Clayton South Primary School uses Explicit Direct Instruction (EDI). EDI enables our teachers to deliver well-developed, carefully planned, and effective lessons that can significantly improve outcomes and learning support for all learners, including students with specific learning disabilities-difficulties (SLD).
We offer comprehensive intervention in all year levels. We have specialist intervention tutors trained in Sound Write to target word-level reading and spelling. A Speech-Language Pathologist guides our literacy intervention practice and assists children with oral language delays. The RTI model is used for literacy and numeracy.
At Clayton South, we have adopted the Response to Intervention (RTI) model, a multi-tier approach to the early identification and support students with learning delays, including impairment in reading (dyslexia). Clayton South Primary School children in tier 2 or 3 intervention access a multi-tiered support system with systematic and explicit instruction.
Most learning disabilities and difficulties experienced in primary school tend to be with literacy. The grade 3/4 reading slump is a phenomenon that is common in education where children who have not received solid synthetic phonics instruction with decodable readers as beginning readers start to struggle. Some students with reading difficulties are often not noticed until middle primary. They have learned (and sometimes been taught) guessing strategies that 'mask' their core phonological awareness and decoding issues. The expectation jumps in middle primary as texts become more complex and there are more multisyllabic words.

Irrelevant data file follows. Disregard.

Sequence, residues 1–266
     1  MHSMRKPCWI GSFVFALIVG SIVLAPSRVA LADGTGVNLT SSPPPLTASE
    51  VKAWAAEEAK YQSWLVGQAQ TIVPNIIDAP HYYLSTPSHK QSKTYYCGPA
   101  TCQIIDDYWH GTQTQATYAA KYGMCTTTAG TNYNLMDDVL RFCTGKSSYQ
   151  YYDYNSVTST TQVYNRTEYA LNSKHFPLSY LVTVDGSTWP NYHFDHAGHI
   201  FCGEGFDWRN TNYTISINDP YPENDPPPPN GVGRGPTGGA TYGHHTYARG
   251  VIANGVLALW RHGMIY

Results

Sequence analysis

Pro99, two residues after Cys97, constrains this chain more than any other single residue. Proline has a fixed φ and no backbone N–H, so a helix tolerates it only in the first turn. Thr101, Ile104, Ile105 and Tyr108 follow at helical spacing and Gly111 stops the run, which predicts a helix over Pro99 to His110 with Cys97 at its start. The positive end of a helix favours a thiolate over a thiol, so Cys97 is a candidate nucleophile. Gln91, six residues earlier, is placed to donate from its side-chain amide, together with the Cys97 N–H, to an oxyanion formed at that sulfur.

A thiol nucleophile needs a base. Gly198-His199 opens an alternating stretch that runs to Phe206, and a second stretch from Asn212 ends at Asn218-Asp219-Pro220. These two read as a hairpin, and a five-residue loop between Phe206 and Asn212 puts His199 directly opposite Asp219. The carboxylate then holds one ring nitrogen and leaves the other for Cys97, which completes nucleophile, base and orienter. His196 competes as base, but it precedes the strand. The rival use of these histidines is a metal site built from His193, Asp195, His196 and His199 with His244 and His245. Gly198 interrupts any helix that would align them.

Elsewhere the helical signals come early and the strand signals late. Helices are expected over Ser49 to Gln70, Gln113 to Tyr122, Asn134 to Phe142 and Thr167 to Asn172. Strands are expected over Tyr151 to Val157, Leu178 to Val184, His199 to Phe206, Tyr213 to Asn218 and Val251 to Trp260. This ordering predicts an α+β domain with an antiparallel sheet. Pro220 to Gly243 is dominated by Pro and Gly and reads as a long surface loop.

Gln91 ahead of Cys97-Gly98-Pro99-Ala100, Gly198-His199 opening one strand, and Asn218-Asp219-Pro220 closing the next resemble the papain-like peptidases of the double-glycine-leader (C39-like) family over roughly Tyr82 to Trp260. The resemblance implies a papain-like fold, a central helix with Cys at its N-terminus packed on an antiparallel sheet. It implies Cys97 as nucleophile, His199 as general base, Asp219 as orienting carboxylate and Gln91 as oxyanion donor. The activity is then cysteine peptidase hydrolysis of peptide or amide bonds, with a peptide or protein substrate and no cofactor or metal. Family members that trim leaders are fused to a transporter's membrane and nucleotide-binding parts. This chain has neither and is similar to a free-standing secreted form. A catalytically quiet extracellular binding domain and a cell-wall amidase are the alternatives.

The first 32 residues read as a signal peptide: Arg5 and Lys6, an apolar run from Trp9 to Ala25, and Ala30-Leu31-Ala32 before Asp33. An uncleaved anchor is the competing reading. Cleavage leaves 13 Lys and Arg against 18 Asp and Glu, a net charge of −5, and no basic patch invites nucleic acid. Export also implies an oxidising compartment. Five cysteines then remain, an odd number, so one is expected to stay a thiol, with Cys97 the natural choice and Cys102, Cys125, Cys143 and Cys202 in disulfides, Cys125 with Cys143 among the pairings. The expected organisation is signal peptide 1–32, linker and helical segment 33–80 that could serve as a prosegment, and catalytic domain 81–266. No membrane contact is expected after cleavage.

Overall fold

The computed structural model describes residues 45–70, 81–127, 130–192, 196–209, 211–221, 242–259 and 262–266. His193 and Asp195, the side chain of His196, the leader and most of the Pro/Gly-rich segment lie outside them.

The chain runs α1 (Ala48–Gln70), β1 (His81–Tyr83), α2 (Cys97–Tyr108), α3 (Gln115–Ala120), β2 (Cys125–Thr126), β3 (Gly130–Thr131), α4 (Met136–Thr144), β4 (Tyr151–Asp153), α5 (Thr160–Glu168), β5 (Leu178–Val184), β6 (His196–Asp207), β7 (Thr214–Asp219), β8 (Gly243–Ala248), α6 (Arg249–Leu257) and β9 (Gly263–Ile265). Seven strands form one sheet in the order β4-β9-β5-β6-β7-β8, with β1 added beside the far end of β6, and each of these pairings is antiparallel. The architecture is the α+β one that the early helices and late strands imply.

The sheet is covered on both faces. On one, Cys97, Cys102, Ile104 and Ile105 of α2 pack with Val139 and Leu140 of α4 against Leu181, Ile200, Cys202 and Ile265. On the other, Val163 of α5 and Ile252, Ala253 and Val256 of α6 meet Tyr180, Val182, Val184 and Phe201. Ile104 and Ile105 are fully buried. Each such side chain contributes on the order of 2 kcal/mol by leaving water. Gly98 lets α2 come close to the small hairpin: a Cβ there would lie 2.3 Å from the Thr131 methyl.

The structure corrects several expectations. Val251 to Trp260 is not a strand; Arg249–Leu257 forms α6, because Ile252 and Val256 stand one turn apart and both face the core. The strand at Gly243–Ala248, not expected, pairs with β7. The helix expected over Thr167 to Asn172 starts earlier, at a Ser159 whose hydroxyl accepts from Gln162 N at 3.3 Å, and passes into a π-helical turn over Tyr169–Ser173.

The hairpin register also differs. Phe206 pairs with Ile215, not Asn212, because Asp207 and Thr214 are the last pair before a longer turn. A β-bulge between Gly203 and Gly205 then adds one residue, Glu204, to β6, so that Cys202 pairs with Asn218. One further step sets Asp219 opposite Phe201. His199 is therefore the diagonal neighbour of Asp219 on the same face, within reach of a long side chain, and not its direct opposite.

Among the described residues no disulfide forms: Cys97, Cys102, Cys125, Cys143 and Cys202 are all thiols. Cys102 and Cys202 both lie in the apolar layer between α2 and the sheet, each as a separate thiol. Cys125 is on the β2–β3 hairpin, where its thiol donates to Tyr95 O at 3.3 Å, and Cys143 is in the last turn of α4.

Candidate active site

"Early, Early, Early - 8 is too late" - is a catchphrase by Tanya Forbes, Founder Dyslexia QLD Support, Producer of Outside the Square, Research Development Manager at Bond University! The window for early intervention can close very quickly and widen over time. Enter the Matthew Effect. This term describes how when children begin their learning journey successfully, they will continue to do well later in school, while the gap will exponentially widen for those children who begin poorly and do worse.
Nancy Young's globally recognised Ladder of Reading illustrates the ratio of students who require an explicit, sequential, systematic, synthetic phonics approach. The infographic draws a comparison to the small percentage of children who learn to read effortlessly.
The Ladder of Reading succinctly shows us how Structured Literacy, as we use at Clayton South Primary School, is advantageous for ALL students, not just struggling learners.
Below is a link to a very informative clip by Bill Hansberry, a leading Australian education consultant on reading instruction, intervention and the importance of decoding for ALL learners, particularly for those with learning difficulties: https://www.youtube.com/watch?v=PhwxWv_D_YU
"Explicit teaching of alphabetic decoding skills is helpful for all children, harmful for none, and crucial for some."
C.Snow and C. Juel (2005) Harvard Graduate School of Education
The Simple View of Reading (Gough and Tunmer, 1986) is an evidence-based representation of how reading comprehension comprises two sets of equally essential skills: decoding and linguistic comprehension.
More information on learning difficulties and the RTI model is available on the DET website: